Yearly Yinz 2020: Songs

Here it is; Bored In Pittsburgh’s favorite local tracks from the past year, arranged in no particular order. You can check out this handy user’s guide if you want to locate a specific track or artist.

The option to move between pages is hiding at the bottom (below “related posts” and above “tags,” I believe).


Good Sport – Overrated

What’s better than a digital power ballad that features melancholy vocals, celestial keyboards, B-B-B-BONFIYAH ad-libs, the Daft Punk robot voice, long monologues about card tricks, and drums that would make Marky Mark proud? Not many things, it turns out. Ryan Hizer’s sublimely downcast dancefloor anthem is anything but “Overrated.”


Glam Hand – Dylan

In January, the glum hummers of Glam Hand told the tale of Dinosaur Dylan, a lonely, prehistoric fellow who “lives and dies in the dark” and “dances until he drops.” Gently jangling guitar chords and barbershop quartet “doo-doo-wop”s soundtrack Dylan’s forlorn dance, rocking him back and forth in a kind of slacker lullaby. Hopefully Dylan is doing alright today.   


Sierra Sellers – The Feeling

The Funk. A concept elaborated upon throughout musical history, referenced by everyone from Parliament to Old Greg, Daft Punk to Kendrick. Immaterial, difficult to place, but undeniable once it enters your bloodstream. “The Feeling,” a slinky slow jam from March’s Ophelia EP, sees the smooth-as-can-be Sierra Sellers urge a significant other, “Don’t fight the funk/Don’t fight the feeling.” The effect is irresistible. After all, if you’re given the funk, you’ve gotta take it.


Portrait People – Hallow

The Pittsburgh-area Earthwalk Collective produced yet another great work with Portrait People’s October album, Hallow. More unabashedly emo than String Machine’s weirdo folk or Lem’s sparse slacker scribbles, Nic Temple’s outfit also owes a debt to the heeeeyyyrr genre. The album’s title track simmers, broods, questions, and then explodes. 


Leila Rhodes – Princples

Guitarist and producer Leila Rhodes conveyed the joy of pure creation with “Princples,” the highlight from her October debut, Attunement. Backed by her signature blend of swirling synth production, blues guitar, and cavernous reverb, Rhodes sings, “Get your pen and create/Draw from scratch/Everything don’t got to match all the time/You don’t have to make it rhyme,” encouraging artistically minded listeners to give it a go with what they’ve got, perfection be damned.


Rave AMI – Nausea Ad Nauseum

To kick off the year, Pittsburgh staple Rave Ami took a brief detour from the garage to the chamber with “Nausea Ad Nauseum,” which traded the band’s signature grit for baroque elegance. Lush and rickety at the same time, like an old wooden love seat with an especially soft cushion, the song scrapes the clouds with a staccato accordion-type-instrument, bubbling bass, and regal strings. The spirit of the still-living Brian Wilson must have visited the recording session, because the Pet Sound is real.


Deej – Top Boy

Take the most infectious jump rope chant you’ve ever heard, then turn it into a summer hip-hop anthem, and you’ve got Deej’s “Top Boy.” Using her most flirtatious sing-song cadence, the singer/rapper runs through elastic flows and earwormy hooks while pursuing the object of her affection. She’s not so phased by romance, though, that she doesn’t find time for a boast: “You ain’t gotta give me nothing/I got my own hundreds.” A true force to be reckoned with.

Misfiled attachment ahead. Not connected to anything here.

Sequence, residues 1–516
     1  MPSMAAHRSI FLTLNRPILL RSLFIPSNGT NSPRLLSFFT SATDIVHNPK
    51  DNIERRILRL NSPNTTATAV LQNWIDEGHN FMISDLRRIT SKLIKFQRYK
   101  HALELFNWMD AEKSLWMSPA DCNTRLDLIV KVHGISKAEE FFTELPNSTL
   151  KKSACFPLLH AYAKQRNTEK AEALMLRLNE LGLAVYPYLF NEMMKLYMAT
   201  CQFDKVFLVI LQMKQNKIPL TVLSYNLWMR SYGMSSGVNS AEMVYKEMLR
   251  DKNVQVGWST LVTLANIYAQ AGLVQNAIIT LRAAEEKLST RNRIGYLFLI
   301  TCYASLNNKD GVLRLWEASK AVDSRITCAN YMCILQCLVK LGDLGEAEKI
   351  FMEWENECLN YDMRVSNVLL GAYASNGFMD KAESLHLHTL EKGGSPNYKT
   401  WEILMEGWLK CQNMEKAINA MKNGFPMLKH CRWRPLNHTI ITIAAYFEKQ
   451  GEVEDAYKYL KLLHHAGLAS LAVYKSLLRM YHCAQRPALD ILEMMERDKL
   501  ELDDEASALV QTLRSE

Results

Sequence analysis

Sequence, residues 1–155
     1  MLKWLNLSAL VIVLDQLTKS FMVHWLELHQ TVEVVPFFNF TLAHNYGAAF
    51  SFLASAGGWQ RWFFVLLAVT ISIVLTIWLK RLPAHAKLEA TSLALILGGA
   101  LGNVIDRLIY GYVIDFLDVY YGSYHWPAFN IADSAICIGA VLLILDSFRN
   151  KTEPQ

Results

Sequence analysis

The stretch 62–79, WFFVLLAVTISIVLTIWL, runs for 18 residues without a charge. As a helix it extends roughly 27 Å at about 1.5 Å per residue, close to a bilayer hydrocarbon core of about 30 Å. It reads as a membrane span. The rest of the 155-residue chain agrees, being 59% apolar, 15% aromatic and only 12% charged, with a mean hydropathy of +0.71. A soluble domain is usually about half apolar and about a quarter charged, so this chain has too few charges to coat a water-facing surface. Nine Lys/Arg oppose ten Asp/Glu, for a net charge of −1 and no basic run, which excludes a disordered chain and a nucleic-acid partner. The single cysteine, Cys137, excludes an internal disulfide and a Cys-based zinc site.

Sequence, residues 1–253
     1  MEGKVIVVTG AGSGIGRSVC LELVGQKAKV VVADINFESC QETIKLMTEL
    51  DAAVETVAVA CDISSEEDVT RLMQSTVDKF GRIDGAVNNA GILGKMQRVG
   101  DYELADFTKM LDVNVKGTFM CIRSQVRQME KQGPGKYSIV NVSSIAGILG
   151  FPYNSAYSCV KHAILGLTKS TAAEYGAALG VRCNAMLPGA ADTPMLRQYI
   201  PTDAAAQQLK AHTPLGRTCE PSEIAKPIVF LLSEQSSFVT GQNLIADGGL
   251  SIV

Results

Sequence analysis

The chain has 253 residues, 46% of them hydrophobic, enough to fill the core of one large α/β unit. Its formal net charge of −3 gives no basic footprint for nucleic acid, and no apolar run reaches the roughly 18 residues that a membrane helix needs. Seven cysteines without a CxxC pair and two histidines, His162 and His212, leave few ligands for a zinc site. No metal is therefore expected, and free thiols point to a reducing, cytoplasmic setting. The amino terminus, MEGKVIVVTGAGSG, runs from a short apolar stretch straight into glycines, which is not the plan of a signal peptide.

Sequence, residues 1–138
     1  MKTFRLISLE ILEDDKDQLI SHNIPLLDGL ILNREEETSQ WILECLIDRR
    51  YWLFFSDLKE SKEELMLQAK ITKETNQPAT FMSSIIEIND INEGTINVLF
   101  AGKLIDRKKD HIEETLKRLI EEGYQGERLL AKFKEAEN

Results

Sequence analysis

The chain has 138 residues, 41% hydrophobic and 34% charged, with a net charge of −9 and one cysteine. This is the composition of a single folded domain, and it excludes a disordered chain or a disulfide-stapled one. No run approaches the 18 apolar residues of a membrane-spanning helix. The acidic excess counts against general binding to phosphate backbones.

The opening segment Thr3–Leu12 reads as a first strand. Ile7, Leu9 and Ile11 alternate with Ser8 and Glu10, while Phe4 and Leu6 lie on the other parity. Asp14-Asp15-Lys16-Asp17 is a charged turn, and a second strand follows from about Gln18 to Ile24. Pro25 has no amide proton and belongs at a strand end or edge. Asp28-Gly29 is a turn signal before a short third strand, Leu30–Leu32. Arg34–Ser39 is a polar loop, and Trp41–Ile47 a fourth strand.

Watererer – Toweringly Ambitious Array

Watererer’s February debut, To Finding Out, took a jagged, kitchen-sink approach to indie rock, stuffing guitar music full of clattering percussion, free jazz accents, and extended instrumental passages. “Toweringly Ambitious Array,” which could be a Rhythm Of The Saints outtake, finds the sublime in the chaotic, David Bernabo’s impressionistic lyrics conveying a sense of pure bliss as gurgling guitar and bass rush behind him like water through a stream, on into an unclassifiable coda.


Merce Lemon – Those Eyes

Merce Lemon, a master of insular, sepia-toned balladry, gave us a satisfying dose of Little Bedroom On The Prairie pop with “Those Eyes,” the lead single from August’s excellent Moonth. Like Soccer Mommy by way of the Spongebob “Seaweed” theme, the rustic waltz ambles in like a tumbleweed blown by a gentle, dusty breeze, lingering long enough to stare into some peepers that contain a “powerful stare with a drop of despair,” enveloping the ears for a few minutes while remaining ever elusive.


Vacancy – Jasmine

Dustin Stuppy creates meditative electronic compositions under the name Vacancy. “Jasmine”, from April’s The End Is Also The Beginning, plays out like a three part suite recorded in an empty train station at midnight. What begins as a flowing post-rock duet between piano and drums morphs into a ghostly ballroom waltz before being shrunk down to a twinkling music box motif and blossoming outward again. It’s like Erik Satie meets Mogwai or something!


Nello and Lang – Lost In It

Northsiders Nello and Lang approached 2020 with one overarching theme: Never. Stop. Recording. It seemed like these dudes released something new every week, so it’s no wonder that the two teamed up for July’s Lost In It collaboration. The title track, a muted, shimmying torch ballad that mourns the looming end of a relationship, is the perfect opportunity for the artists to demonstrate the somber tunefulness that permeates their solo work, the collaboration elevating each to new heights.



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